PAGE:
Mark Cutler, Songwriter-in-Residence
Mark Cutler is a Rhode Island resident, New England music legend, and founder of The Same Thing Project, one of the first organizations in the United States dedicated to community songwriting. The Project believes everyone is a songwriter, and that music is at the root of some of life’s best emotions, especially when experienced together. Its workshops include people from all walks of life - musicians, non-musicians, artists, retired folks, people with disabilities, and blue and white collar workers. The same joy, laughter, and tears are experienced by all, with each contribution from each songwriter, however small, having the same importance...as former strangers create community and co-write an original song.
Mark is an inductee in the Rhode Island Music Hall of Fame for his work with the bands The Schemers and Raindogs and his solo work. The Schemers received national exposure on MTV after winning WBCN-Boston’s legendary Rock & Roll Rumble. Mark’s work with Raindogs included experimental collaborations with Iggy Pop and the actor Harry Dean Stanton and Raindogs toured nationally with the likes of Bob Dylan, Don Henley, and Warren Zevon. In 2014, Mark wrote the soundtrack for a PBS documentary about George Washington and Gilbert Stuart.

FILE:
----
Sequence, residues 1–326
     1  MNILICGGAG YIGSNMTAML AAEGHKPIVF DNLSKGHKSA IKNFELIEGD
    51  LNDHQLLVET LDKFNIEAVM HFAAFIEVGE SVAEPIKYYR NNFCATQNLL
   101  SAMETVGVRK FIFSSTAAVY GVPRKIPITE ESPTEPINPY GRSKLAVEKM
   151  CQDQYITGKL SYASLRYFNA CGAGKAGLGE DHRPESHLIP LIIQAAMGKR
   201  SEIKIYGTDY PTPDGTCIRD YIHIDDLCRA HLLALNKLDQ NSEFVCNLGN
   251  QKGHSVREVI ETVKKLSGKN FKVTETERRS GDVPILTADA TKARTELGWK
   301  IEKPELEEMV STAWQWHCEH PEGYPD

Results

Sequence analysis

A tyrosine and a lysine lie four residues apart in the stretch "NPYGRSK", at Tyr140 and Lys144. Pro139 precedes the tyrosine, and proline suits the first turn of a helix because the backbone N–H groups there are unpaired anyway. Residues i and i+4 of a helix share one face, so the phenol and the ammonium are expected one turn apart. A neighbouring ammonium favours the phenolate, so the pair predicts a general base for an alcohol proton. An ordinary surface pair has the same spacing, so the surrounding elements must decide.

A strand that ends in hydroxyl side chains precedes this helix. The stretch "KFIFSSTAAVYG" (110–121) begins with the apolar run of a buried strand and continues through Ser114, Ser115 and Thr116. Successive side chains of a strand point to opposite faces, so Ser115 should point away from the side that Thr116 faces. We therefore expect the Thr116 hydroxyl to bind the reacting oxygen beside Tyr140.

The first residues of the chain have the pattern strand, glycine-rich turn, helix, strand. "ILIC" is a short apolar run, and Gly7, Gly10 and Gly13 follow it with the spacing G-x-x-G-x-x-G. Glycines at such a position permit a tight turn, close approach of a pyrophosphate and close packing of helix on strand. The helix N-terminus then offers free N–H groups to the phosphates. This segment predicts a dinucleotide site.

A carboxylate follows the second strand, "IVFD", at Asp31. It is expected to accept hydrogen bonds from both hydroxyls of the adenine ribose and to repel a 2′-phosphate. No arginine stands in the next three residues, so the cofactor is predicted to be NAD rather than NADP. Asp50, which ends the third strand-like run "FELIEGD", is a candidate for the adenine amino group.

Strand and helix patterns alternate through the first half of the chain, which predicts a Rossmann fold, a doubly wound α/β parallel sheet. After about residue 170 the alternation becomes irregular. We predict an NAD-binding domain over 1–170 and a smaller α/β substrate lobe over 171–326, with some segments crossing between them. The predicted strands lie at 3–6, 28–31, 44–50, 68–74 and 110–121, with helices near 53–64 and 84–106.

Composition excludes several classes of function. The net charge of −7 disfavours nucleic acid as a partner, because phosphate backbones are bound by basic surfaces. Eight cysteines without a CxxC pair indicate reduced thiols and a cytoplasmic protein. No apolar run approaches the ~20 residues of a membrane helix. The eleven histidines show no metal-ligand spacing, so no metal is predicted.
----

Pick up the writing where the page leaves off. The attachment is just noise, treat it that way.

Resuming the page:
What are the benefits of collaborating?
I love when the “third thing” happens. For me, it occurs in songwriting when two or more people collaborate on a lyric, a song or an idea and something new is made, something that wouldn’t have happened if these folks didn’t get together.
I’m not a religious person but I like to describe that third thing as the place where “Goddess” or “God” resides. When two or more people collaborate on a song, things get really interesting. A question triggers a word which leads to a place where a line to a verse is waiting for a song.
Collaborating isn’t easy for some folks. It wasn’t easy for me for the longest time. It was hard to set aside what my ego needed. But if you go into a situation with a clear and open mind and accept ideas as part of conversations, you’d be surprised at what you can accomplish. It’s committing to the outcome without getting too attached to your specific input. It takes practice but you can develop that collaborative muscle in less time than you’d think. I still need to write some songs alone but the collaborative exercise has given me insight on how to get to the fishing spot where the songs are swimming.